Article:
Bioinformatic Analysis of Sequencing Data

PE reads obtained from Miseq sequencing were spliced according to overlap relationships. The quality of the sequence was conducted with quality control and filtration to obtain high-quality sequences. The sequences from all the samples were clustered into operational taxonomic units (OTUs) based on a 97% identity threshold by Uparse version 7.1.2 The most abundant sequence of each OTU (97% similarity) was BLAST searched against the Silva databases (Release1153) to determine the phylogeny of the OTU. A variety of diversity index analysis and detection of sequencing depth were carried out based on OUT and OUT clustering results. Community structure in each classification level was analyzed based on taxonomists analysis. Venn diagrams and heat maps were performed between groups with an OTU definition at a similarity cutoff of 97% (29, 30). Function abundance profiles of cecal microbiota were established according to OTU abundance of different groups standardized using PICRUSt software, and their functional information was searched against the eggNOG database (evolutionary genealogy of genes: non-supervised Orthologous Groups4).

Statistical Analyses

Differences between populations had been analyzed using parametric (ANOVA with the Tukey’s multiple comparison test) and nonparametric statistical methods. All results are presented as the mean value (±SE). Differences between groups were declared significant at p < 0.05.


Cecal Pathology Caused by E. tenella Infection

Both E. tenella single- and dual-infected chickens showed serious damage in the ceca, with coagulation necrosis, thickening of the mucosa, and edematous swelling (Figure 1). The ALV-J infected chicks and the uninfected controls showed no obvious pathology.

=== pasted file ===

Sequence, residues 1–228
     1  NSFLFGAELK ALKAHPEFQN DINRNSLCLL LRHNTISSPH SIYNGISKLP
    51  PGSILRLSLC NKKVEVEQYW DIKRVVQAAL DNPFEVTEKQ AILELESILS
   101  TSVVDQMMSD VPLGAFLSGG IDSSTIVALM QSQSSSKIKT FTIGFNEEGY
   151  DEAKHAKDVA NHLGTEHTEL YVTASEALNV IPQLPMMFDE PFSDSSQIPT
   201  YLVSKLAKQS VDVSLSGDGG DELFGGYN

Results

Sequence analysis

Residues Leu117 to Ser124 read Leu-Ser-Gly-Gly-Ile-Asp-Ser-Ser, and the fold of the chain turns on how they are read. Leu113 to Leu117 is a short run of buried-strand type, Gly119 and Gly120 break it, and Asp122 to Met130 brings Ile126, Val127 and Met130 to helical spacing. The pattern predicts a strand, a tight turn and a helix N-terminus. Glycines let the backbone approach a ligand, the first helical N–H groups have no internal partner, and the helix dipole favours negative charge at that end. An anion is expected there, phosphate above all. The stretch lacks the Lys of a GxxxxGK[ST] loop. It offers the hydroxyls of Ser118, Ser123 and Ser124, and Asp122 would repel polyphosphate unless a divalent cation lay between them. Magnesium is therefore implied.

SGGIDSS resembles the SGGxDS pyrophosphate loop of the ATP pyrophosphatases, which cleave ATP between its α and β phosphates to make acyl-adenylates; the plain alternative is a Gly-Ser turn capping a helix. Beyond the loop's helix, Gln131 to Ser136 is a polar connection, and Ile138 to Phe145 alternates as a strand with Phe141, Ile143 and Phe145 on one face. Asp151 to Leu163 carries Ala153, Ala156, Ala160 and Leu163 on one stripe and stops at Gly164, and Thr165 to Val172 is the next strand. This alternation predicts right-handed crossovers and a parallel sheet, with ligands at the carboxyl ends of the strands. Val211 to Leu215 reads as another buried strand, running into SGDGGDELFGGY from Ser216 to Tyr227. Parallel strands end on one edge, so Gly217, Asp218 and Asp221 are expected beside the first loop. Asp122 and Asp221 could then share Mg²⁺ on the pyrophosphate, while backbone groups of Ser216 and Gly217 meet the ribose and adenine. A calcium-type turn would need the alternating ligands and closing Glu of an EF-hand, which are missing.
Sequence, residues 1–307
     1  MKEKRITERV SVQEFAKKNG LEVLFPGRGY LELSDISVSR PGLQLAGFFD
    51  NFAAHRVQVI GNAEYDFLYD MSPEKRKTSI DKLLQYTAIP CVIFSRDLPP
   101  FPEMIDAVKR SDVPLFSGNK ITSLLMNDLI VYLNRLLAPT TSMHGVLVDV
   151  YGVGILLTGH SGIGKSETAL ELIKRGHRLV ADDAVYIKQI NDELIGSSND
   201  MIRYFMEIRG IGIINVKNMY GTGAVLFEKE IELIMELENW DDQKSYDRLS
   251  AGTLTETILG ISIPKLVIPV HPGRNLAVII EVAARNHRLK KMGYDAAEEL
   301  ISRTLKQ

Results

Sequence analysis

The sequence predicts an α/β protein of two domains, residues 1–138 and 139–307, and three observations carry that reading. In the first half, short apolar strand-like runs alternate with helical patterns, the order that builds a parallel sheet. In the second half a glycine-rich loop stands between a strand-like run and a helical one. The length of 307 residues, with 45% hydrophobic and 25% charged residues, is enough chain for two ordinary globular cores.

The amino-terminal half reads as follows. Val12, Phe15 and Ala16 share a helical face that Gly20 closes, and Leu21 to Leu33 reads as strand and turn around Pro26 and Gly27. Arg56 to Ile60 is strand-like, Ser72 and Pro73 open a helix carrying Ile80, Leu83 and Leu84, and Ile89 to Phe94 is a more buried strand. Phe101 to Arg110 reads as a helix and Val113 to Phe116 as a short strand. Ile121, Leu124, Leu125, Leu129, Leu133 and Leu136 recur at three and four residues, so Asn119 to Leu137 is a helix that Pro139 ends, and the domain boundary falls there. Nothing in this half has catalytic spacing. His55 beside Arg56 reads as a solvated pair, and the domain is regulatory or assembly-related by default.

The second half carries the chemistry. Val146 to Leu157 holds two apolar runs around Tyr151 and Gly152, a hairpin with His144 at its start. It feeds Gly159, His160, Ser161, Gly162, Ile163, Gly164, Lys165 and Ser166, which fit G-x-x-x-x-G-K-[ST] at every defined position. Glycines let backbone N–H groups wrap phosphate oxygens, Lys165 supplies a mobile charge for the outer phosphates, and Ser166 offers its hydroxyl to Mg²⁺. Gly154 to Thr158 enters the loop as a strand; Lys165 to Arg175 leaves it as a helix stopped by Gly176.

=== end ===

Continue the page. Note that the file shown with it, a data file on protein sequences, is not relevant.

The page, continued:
Figure 1. Gross lesions in the ceca of Eimeria tenella-infected chicks. (A) Chickens infected with E. tenella. (B) Dual-infected chickens with avian leukosis virus and E. tenella.

Quality Test for gDNA and PCR Products of 16S rRNA

The gDNA of each sample was above 3 kb with slight protein, pigment, and other pollution of impurities. The concentration was higher than 300 ng/µl, which was conformed to the experimental requirements. PCR was attempted to perform subsequent experiments. PCR products of 16S rRNA using 338F and 806R were 437 bp with the concentration higher than 10 ng/µl were used for subsequent sequencing.

General Comparisons of 16S rRNA Reads Using OTU Analysis

The 16S rRNA sequence reads were binned according to their sequence similarities with one another and independent of any database hits or searches. After pre-processing, 360,388 high-quality sequences were obtained for subsequent bioinformatics analyses. With an OTU definition at a similarity cutoff of 97%, a total of 381 OTUs were identified among the four different groups examined with 306, 131, 323, and 219 OTUs for the control group, E. tenella, and ALV-J single- or dual-infected groups, respectively. As shown in Figure 2, different infection groups showed diverse OTU patterns. This was also reflected by the abundance index (Ace and Chao) and the diversity index (Shannon and Simpson) analyses, which suggested that sample richness and diversity differed between the different groups (Table 1). These indexes preliminarily indicated that E. tenella sharply decreased the diversity and richness of cecal flora, and that ALV-J infection induced growth of some bacteria than the control group. Cecal flora diversity and richness of dual-infected chickens showed a slight decrease when compared to the control ones.